I've been thinking a lot lately about library development: how the public institution I serve has changed over time.
At the beginning of library development, the focus, the measures of success, are mostly about inputs. Is there enough money to hire staff, buy materials, build buildings, and invest in technology?
Assuming that those basic needs are met, then libraries start focusing on other kinds of measures: outputs. Internally, we use benchmarks. For instance, we divide the number of checkouts (or the number of new materials ordered and processed) by the number of people it took to do that. Then we compare it to last year's number. Objective: get more productive and efficient. (We have!)
I subscribe to various Google services. When I log into one of them, I get quotes of the day. They're usually pretty funny.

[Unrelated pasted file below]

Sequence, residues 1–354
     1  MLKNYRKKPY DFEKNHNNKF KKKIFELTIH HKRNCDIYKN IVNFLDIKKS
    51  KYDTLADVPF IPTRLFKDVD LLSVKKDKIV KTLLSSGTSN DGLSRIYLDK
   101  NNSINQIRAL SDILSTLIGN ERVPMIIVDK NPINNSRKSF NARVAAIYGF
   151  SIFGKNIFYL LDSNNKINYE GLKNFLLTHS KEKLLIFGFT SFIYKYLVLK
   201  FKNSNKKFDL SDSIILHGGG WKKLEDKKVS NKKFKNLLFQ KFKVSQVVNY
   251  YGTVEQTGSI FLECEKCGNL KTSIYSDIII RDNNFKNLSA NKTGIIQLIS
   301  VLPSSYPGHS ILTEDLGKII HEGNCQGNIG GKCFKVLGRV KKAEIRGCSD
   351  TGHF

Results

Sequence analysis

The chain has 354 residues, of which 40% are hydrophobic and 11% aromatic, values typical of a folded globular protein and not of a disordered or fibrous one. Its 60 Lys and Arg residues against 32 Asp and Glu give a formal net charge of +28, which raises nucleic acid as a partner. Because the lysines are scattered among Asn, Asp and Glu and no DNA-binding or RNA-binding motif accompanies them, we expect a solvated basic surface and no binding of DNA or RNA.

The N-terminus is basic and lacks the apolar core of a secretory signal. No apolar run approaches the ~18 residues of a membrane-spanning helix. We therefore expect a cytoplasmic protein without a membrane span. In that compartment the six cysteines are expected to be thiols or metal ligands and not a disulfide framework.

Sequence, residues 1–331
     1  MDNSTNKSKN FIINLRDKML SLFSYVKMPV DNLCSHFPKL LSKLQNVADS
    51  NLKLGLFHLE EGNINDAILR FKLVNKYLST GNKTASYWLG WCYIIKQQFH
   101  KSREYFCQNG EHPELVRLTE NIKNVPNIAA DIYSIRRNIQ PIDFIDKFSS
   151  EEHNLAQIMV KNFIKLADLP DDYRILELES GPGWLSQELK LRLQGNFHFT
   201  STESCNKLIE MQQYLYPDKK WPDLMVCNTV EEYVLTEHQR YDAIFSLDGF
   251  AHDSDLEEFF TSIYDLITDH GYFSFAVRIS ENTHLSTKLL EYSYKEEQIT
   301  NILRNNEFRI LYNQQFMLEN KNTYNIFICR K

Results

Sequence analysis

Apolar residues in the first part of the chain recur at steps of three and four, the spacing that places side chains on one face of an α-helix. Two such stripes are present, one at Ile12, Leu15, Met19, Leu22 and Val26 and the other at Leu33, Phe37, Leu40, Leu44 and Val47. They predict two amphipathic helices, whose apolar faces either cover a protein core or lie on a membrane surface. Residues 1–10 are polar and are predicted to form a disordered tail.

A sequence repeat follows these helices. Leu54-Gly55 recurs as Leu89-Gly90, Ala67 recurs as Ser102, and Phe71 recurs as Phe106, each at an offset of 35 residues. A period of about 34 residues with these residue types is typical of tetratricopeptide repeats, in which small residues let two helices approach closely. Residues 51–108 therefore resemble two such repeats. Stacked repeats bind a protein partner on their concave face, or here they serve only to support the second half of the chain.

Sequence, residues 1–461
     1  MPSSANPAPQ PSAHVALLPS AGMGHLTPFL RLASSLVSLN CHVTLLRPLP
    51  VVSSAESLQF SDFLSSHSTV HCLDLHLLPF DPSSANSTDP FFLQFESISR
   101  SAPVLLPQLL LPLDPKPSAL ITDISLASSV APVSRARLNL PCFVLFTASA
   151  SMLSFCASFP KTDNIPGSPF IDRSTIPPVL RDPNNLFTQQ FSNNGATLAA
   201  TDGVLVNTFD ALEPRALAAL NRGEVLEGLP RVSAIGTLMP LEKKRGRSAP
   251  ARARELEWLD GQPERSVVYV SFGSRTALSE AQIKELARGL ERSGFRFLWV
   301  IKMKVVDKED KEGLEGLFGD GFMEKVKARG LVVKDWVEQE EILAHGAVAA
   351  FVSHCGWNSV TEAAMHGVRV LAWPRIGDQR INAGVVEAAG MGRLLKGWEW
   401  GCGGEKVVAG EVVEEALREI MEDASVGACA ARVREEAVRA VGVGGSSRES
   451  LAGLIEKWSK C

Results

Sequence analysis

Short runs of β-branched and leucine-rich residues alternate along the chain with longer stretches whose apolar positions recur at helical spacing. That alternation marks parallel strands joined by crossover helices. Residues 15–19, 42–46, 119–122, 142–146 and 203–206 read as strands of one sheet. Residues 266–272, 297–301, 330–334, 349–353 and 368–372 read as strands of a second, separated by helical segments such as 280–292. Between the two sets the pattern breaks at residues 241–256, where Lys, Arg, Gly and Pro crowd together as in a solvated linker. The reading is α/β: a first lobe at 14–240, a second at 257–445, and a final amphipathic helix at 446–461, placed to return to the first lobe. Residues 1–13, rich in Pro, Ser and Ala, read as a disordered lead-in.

Take this one: "An opinion should be the result of thought, not a substitute for it." - Jeff Mallett.
Recently I was chatting with a friend, who told me that there are 7 phases of life. I found it compelling.
These phases or transitions mark the passage from one state of being to another.
* birth. Where it all begins. (Or does it?)
Many people, I'm sure you will be astonished to learn, are more interested in themselves than they are in others.
One of the marks of maturity, however, is this: you begin to notice that all our lives are interdependent. That is, an environment where many people thrive is better for you in the long run than one that's just set up for your immediate convenience.